Other References

  1. Ingram, Rev. James. Translator Anglo-Saxon Chronicle 1823. Print.
  2. Burke, John Bernard Ed. The Roll of Battle Abbey. Baltimore: Genealogical Publishing. Print.
  3. Bede, The Venerable. Historia Ecclesiatica Gentis Anglorum (The Ecclesiastical History Of the English People). Available through Internet Medieval Sourcebook the Fordham University Centre for Medieval Studies. Print.
  4. Zieber, Eugene. Heraldry in America. Philadelphia: Genealogical Publishing Co. Print.
  5. Markale, J. Celtic Civilization. London: Gordon & Cremonesi, 1976. Print.
  6. Lennard, Reginald. Rural England 1086-1135 A Study of Social and Agrarian Conditions. Oxford: Clarendon Press, 1959. Print.
  7. Virkus, Frederick A. Ed. Immigrant Ancestors A List of 2,500 Immigrants to America Before 1750. Baltimore: Genealogical Publishing, 1964. Print.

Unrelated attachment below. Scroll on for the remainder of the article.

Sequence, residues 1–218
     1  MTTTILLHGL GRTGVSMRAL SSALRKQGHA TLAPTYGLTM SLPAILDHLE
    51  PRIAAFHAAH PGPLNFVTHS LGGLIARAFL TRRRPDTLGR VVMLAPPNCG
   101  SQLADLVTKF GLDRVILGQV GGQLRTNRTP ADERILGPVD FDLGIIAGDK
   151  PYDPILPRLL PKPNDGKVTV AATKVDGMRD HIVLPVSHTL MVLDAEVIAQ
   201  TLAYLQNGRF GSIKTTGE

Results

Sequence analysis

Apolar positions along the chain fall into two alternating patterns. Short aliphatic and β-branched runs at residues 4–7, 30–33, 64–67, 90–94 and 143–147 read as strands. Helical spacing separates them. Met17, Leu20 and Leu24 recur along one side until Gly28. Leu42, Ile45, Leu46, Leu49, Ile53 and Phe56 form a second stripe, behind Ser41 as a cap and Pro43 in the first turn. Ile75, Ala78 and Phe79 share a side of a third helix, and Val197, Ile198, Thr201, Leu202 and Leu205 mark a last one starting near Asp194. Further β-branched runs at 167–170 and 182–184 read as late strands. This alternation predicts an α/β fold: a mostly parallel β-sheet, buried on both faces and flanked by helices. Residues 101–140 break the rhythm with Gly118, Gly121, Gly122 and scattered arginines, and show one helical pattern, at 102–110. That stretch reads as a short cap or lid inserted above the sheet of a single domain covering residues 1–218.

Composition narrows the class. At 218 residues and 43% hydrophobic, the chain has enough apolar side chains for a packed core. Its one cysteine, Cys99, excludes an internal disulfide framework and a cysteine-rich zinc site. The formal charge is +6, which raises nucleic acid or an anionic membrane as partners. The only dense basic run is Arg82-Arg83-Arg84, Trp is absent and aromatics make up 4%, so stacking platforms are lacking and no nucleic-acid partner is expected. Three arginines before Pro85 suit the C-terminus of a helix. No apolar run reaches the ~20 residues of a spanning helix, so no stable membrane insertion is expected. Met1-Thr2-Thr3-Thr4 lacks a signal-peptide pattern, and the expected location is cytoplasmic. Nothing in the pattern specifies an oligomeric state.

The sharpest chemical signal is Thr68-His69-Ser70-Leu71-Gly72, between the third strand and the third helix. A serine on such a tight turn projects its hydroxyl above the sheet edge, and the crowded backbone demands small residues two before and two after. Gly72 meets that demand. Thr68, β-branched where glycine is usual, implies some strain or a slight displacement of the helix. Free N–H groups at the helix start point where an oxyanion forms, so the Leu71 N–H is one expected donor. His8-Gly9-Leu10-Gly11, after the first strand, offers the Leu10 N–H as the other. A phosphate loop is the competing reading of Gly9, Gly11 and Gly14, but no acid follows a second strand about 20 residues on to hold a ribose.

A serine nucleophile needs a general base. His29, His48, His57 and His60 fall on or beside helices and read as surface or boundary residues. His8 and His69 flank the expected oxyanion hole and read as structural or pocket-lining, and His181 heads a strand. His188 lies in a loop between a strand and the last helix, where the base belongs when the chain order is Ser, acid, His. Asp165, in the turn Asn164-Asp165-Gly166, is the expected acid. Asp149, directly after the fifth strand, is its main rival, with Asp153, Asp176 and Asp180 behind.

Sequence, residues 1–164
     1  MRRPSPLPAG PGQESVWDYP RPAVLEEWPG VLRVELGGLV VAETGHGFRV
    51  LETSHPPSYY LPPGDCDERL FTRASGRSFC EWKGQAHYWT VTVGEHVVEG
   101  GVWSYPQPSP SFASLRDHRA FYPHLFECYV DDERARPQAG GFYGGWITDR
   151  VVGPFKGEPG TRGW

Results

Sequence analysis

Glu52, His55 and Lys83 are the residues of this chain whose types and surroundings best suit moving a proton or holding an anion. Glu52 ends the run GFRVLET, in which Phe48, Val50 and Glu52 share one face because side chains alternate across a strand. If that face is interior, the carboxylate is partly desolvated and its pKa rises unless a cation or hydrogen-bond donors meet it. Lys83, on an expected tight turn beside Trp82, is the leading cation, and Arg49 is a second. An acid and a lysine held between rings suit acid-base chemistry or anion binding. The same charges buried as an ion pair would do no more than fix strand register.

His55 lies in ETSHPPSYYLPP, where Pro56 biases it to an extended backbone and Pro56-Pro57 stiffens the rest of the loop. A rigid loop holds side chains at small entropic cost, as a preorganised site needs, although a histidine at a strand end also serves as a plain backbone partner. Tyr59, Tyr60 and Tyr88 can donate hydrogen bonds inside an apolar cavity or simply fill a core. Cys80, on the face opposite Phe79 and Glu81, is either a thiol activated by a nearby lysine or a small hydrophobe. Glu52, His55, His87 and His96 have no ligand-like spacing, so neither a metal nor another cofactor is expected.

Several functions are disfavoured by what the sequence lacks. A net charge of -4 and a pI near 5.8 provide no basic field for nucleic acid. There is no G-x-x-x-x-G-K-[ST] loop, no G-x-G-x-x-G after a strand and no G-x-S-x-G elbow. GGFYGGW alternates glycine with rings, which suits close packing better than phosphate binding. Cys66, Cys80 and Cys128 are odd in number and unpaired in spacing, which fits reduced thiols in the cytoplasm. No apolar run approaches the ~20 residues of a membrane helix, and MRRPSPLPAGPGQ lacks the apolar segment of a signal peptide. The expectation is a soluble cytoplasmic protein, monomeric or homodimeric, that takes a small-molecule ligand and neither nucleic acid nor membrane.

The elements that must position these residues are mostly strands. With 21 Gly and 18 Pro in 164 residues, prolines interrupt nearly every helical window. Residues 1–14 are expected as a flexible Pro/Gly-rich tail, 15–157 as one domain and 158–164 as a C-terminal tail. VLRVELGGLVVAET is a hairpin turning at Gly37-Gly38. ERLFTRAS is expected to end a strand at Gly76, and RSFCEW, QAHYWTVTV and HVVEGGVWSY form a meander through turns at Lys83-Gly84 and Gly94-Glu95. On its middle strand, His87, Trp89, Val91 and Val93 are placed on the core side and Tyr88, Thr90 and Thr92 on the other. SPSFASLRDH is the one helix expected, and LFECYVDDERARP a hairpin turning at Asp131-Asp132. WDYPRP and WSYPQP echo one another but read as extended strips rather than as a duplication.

8. Magnusson, Magnus. Chambers Biographical Dictionary 5th edition. Edinburgh: W & R Chambers, 1990. Print.
  9. Crozier, William Armstrong Edition. Crozier's General Armory A Registry of American Families Entitled to Coat Armor. New York: Fox, Duffield, 1904. Print.
  10. Colletta, John P. They Came In Ships. Salt Lake City: Ancestry, 1993. Print.
  11. ...

The Oldaripa Family Crest was acquired from the Houseofnames.com archives. The Oldaripa Family Crest was drawn according to heraldic standards based on published blazons. We generally include the oldest published family crest once associated with each surname.

This page was last modified on 2 December 2015 at 07:34.